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tMap Joins & Filtering

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tMap Component Joins & Filtering

In our article on the tMap (Transformation) component, we introduced the component and it's core functionality of transforming input data to output data. The tMap component provides much more functionality beyond this, including Joins and Filtering.

Join Basics

In any join performed by Talend, one input acts as the primary input, while the other acts as the look-up. Prior to reading the primary input, the look-up input will be read (by default) in to memory, in its entirety. As each primary input row is processed, a look-up will be performed. Talend allows this processing to be configured, depending on your requirements and data volume.

Let's look at a simple example, where we have a file of People and we want to join them to a Postal Address file.

Person File (PersonFile.txt)


Address File (AddressFile.txt)

1;19 West Close;Shefford;West Sussex;WE24 8ST
2;140 Great Square;Slough;Cornwall;CO43 3RN
3;178 North Close;Biggleswade;Hereford and Worcester;HE91 7RE
4;89 Windsor Street;Warrington;Gloucestershire;GL38 5OU
5;153 Dee Avenue;Shefford;County Down;CO63 5UN

Example Job #1

As can be seen from the following screenshot, these two files have been added to a Job, and have been joined on Address.Id. You can make this join by either dragging the column from the primary input to the look-up input, or manually inputting the column name. All columns have been added to our output, except for Address.Id; which becomes redundant.

Image 1

Running Example Job #1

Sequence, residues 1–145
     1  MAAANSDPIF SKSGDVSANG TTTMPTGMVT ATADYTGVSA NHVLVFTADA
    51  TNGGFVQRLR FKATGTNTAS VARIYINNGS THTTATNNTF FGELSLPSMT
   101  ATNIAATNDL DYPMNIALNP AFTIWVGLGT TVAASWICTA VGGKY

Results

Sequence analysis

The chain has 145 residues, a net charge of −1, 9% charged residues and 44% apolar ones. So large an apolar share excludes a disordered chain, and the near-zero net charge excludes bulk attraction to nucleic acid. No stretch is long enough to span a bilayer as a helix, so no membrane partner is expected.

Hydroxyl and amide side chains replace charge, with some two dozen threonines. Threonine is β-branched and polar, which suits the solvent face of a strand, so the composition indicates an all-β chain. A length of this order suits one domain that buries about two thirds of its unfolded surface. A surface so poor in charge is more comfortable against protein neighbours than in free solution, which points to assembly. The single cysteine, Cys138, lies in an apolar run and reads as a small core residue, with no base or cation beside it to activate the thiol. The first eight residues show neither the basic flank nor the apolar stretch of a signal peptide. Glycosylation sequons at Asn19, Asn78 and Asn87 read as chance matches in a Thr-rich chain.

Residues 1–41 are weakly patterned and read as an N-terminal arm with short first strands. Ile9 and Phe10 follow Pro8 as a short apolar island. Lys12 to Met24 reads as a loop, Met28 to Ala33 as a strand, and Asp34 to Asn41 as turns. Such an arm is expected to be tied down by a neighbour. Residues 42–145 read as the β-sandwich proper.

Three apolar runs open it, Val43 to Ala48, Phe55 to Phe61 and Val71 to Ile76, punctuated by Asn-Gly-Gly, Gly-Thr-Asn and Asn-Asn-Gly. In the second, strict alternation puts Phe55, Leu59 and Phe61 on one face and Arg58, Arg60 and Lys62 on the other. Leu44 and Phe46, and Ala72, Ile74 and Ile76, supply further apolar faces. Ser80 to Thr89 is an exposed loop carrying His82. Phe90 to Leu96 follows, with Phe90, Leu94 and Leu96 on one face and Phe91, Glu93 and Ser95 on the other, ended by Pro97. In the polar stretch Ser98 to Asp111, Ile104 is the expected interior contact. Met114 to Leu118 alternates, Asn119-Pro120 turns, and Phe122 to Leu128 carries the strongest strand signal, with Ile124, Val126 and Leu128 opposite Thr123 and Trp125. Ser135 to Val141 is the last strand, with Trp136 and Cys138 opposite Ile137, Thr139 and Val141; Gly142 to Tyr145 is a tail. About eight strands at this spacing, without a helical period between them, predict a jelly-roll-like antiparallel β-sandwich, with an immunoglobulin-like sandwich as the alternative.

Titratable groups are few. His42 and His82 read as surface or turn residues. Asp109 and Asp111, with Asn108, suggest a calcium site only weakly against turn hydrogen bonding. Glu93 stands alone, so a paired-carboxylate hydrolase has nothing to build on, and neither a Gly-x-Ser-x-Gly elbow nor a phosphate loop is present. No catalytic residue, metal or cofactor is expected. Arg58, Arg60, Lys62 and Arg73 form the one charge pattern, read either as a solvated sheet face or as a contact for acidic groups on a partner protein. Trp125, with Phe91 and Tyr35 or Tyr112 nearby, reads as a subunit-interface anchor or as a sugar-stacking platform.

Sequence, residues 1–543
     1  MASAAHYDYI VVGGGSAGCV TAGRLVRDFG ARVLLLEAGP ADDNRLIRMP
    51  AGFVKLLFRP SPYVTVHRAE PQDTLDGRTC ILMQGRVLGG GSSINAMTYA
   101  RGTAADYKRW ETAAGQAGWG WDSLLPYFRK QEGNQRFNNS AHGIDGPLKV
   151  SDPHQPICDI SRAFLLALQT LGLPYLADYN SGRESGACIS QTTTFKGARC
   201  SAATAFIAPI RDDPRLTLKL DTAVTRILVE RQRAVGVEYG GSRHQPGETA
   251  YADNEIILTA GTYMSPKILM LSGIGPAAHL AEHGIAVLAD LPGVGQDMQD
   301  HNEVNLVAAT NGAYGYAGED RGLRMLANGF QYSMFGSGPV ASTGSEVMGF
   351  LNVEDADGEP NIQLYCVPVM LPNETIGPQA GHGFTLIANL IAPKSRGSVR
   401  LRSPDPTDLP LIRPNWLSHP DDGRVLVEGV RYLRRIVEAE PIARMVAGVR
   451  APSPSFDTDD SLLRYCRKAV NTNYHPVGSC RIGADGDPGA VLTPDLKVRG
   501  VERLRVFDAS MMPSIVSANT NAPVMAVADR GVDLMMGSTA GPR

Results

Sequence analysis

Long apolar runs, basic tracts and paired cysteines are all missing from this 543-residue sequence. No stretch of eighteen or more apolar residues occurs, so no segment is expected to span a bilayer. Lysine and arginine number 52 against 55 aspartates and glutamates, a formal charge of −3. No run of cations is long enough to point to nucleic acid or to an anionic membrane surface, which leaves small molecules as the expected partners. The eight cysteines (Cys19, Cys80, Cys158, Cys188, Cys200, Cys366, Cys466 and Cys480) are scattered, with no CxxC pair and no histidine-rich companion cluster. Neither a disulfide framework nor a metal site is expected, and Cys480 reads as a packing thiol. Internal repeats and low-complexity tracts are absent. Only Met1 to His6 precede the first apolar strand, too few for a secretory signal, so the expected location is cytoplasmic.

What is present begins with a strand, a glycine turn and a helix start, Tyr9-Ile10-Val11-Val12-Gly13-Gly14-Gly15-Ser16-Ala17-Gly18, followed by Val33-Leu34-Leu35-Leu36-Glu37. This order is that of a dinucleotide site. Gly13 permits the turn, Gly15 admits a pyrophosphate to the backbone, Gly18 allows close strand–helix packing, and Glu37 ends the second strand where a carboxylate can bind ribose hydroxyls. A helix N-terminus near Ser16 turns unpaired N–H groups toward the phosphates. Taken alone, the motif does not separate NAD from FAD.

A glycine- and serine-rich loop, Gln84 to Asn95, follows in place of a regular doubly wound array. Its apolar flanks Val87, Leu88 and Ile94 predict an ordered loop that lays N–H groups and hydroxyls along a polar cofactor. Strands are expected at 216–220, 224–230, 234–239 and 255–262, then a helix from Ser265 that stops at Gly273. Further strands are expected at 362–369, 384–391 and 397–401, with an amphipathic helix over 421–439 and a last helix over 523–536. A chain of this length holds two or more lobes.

The following screenshot shows the successful execution of this Job.

Image 2

Example Job #1 - Review

There are some key points to note, when reviewing our output file.

  • Addresses Id=1, Id=5 did not appear appear in the person file.
  • Dexter Booth Id=5 does not have an Address Id and, therefore, does not match a row in the address file.
  • Two people have AddressId=2.

1;Mr;Austin;Patel;4;89 Windsor Street;Warrington;Gloucestershire;GL38 5OU
2;Ms;Sophia;Watson;2;140 Great Square;Slough;Cornwall;CO43 3RN
3;Mr;Ewan;Parker;3;178 North Close;Biggleswade;Hereford and Worcester;HE91 7RE
4;Ms;Evie;Cunningham;2;140 Great Square;Slough;Cornwall;CO43 3RN

Configuring Inputs

Example Job #1 demonstrated a basic join, using the default input options. Against each input, you will notice some option Input Option Buttons buttons.

Selecting the first button Join Options Button (this is only available on look-up inputs), reveals the tMap Settings (Join Options). Notice that, when you change one of the settings from default, the icon will indicate the number of changes that you have made, for example, Join Options Button Modified.

Join Options

Image 5

Lookup Model